Reinforced concrete, corrugated iron and breezeblocks are encroaching on the Grand Mosque of Zabid, an ancient cultural and economic capital of Yemen that today lies in danger of ruin.
"What is happening in Zabid is terrible. These priceless archaeological treasures are just dying," warned Francois Burgat, director of the French Centre for Yemeni Studies.
"This town on the Tihama, the (Red Sea) coastal plain of Yemen, has stood the test of time for eight centuries. But over the last two decades, it's been falling apart," he said.
Along with Sanaa and Shibam, on the ancient incense route and dubbed the "Manhattan of the Desert" for its centuries-old skyscrapers, Zabid is on UNESCO'S list of world heritage sites.
But the authorities in Yemen, one of the poorest countries on earth, have been slow to adopt a conservation policy for treasures such as Zabid.
"Zabid was a shining light in the Arab and Muslim world for centuries thanks above all to Al-Ashair University and Grand Mosque, whose reputation was as high as that of Cairo's Al-Azhar," writes Paul Bonnenfant, a researcher at the French centre.
Founded in the 9th century, "it was also a major trading center because of its location as an international axis between Aden and Mecca, through which goods transited from India to the Mediterranean," he adds.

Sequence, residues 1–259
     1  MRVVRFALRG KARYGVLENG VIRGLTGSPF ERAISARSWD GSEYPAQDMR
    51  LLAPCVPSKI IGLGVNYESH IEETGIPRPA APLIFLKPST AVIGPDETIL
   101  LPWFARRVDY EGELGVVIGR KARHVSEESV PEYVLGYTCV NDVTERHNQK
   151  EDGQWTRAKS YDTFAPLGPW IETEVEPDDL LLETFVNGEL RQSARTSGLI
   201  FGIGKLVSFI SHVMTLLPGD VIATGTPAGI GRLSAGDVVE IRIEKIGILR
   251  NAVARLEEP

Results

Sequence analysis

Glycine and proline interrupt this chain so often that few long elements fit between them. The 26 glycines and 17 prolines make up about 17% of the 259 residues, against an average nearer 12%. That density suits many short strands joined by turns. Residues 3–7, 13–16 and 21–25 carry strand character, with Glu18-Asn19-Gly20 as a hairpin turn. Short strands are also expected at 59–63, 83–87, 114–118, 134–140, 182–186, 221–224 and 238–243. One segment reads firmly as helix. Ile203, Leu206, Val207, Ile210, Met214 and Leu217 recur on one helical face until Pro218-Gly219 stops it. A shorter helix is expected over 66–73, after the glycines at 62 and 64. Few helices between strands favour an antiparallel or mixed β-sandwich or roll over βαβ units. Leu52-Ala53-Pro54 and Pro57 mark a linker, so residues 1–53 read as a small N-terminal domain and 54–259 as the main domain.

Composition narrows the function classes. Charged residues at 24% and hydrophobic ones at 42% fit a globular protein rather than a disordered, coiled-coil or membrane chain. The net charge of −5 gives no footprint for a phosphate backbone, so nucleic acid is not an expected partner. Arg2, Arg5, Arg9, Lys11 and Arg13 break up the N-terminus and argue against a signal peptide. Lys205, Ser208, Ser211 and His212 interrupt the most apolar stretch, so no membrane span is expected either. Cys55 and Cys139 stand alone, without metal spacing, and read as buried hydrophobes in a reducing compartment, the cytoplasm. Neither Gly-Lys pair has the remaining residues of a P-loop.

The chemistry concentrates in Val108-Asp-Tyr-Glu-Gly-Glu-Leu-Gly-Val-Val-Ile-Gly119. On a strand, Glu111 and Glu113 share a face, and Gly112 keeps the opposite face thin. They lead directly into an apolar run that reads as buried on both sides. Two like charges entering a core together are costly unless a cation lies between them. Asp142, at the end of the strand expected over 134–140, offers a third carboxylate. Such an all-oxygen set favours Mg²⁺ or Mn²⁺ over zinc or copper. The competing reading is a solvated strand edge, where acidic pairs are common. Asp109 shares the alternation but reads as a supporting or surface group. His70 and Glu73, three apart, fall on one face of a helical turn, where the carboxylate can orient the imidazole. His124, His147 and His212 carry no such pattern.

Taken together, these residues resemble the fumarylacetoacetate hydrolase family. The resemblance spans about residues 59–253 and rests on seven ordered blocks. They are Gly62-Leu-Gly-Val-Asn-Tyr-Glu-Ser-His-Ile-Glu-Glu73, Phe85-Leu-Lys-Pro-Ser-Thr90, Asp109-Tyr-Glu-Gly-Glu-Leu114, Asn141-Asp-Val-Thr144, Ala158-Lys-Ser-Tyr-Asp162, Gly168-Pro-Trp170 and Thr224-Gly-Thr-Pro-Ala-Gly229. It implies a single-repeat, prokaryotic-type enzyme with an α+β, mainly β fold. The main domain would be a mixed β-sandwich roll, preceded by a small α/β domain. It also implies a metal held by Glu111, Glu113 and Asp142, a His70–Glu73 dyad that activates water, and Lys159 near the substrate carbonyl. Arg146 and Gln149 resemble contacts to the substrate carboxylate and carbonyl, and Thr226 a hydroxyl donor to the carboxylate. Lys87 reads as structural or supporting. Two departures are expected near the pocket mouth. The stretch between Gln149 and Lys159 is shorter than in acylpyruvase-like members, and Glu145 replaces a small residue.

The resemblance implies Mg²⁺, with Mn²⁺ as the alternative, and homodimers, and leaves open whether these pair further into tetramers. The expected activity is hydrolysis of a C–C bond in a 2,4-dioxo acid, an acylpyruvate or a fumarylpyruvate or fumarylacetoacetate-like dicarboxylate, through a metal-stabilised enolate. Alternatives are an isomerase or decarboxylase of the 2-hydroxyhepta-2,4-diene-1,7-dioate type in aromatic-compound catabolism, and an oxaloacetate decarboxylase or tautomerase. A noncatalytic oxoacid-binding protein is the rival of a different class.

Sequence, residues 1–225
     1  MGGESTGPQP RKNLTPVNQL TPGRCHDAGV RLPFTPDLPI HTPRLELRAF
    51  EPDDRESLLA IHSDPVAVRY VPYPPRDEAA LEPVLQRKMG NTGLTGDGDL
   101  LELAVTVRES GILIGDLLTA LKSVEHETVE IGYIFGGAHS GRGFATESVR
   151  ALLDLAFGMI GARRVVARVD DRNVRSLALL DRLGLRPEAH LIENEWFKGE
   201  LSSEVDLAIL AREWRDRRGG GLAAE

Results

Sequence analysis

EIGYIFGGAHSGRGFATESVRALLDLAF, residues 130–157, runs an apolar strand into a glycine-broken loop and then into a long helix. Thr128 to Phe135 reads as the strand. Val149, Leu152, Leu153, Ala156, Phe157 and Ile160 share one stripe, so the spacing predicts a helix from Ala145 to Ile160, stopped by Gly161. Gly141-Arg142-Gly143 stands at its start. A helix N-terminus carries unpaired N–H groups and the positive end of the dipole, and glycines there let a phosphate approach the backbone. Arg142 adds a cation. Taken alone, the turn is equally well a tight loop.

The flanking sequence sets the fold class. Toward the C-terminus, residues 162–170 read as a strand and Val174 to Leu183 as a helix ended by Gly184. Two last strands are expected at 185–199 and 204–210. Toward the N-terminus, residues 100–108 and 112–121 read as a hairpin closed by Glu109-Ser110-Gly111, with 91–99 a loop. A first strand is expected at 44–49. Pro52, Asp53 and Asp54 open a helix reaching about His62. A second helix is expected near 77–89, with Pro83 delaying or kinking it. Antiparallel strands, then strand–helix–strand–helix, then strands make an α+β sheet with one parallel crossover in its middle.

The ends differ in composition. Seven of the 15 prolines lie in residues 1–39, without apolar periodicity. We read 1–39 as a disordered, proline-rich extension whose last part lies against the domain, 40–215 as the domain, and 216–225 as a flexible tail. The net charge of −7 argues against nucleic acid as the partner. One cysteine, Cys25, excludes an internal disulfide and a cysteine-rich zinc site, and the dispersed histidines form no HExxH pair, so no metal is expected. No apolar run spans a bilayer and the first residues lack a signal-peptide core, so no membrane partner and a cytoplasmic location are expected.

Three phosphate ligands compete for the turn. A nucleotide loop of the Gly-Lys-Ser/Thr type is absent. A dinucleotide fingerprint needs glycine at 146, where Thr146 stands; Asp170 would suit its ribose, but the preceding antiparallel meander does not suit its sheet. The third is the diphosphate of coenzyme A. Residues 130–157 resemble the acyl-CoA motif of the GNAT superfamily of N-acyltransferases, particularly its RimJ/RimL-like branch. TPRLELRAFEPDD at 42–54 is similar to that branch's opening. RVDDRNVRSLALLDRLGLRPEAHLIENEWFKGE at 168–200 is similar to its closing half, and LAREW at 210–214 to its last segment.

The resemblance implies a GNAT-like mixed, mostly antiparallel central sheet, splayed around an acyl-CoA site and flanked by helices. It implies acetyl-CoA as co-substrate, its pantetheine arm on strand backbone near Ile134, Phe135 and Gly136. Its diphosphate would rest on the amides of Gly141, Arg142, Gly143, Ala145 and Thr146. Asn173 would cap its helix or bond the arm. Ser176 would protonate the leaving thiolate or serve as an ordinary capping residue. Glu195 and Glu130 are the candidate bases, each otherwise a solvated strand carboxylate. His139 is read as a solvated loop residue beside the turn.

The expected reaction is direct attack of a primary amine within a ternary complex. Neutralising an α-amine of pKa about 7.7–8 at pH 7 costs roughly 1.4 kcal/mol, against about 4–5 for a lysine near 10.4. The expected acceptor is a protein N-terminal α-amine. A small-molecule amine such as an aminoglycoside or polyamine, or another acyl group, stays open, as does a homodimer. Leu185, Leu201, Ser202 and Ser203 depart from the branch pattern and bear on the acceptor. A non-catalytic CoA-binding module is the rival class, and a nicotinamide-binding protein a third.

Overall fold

Zabid is now paying a heavy price for a modernization in which planning has taken a back seat.
The brick-built town with its reputation as the birthplace of algebra has been disfigured by apartment blocks while ancient ornaments lie abandoned or are being swamped by the reinforced concrete of modern development.
The lack of adequate drainage for waste water and for the region's rare but heavy rainfall is eating away at foundations and walls of the old buildings, while trash fills the streets of the town of 20,000.
Zabid remains an education centre for two schools of orthodox Islam law, Shafiism and Hanafism, as well as religious sciences and Arabic grammar.
The United Nations Educational, Scientific and Cultural Organization (UNESCO) has commissioned a technical study on ways to protect the town and financed archaeological, architectural and ethnological assignments.
Among dozens of action plans, the study has called for monuments to be restored and the preservation of ancient manuscripts.
"But the protection of the town requires an urgent and huge mobilization if we want to conserve one of the most prestigious testimonials of human history," Bonnenfant stressed.
Zabid would need infrastructure projects and "productive activities involving the local community".
The program will also need funding from Yemen's oil-rich neighbors in the Arabian Peninsula, said Burgat. "Every day another treasure dies in Yemen. Gulf donors must know this, after all it's a part of their history too." - SANAA (AFP)
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